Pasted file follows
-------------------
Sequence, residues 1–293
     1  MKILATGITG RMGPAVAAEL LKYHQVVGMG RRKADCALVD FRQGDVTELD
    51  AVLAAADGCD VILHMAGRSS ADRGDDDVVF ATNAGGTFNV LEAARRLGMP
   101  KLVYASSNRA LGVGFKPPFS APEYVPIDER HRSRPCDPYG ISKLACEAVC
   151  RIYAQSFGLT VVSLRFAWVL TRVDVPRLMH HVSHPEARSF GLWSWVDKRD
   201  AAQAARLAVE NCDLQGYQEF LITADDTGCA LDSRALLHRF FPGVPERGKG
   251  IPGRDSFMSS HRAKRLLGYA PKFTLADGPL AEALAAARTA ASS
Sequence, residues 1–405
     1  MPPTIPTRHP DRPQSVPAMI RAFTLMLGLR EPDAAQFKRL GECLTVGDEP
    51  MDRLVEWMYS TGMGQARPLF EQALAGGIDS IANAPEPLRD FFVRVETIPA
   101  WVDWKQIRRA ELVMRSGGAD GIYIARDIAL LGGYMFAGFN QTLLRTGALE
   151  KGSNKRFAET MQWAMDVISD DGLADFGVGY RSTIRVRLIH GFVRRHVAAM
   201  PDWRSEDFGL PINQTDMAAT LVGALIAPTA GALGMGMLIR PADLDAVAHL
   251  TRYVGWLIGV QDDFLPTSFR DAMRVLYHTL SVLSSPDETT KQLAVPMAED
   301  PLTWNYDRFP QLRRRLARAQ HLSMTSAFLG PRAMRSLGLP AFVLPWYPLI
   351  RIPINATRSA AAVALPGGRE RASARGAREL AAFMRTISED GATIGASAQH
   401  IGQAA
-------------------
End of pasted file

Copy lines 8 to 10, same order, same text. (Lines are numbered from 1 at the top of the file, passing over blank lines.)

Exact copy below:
Sequence, residues 1–405
     1  MPPTIPTRHP DRPQSVPAMI RAFTLMLGLR EPDAAQFKRL GECLTVGDEP
    51  MDRLVEWMYS TGMGQARPLF EQALAGGIDS IANAPEPLRD FFVRVETIPA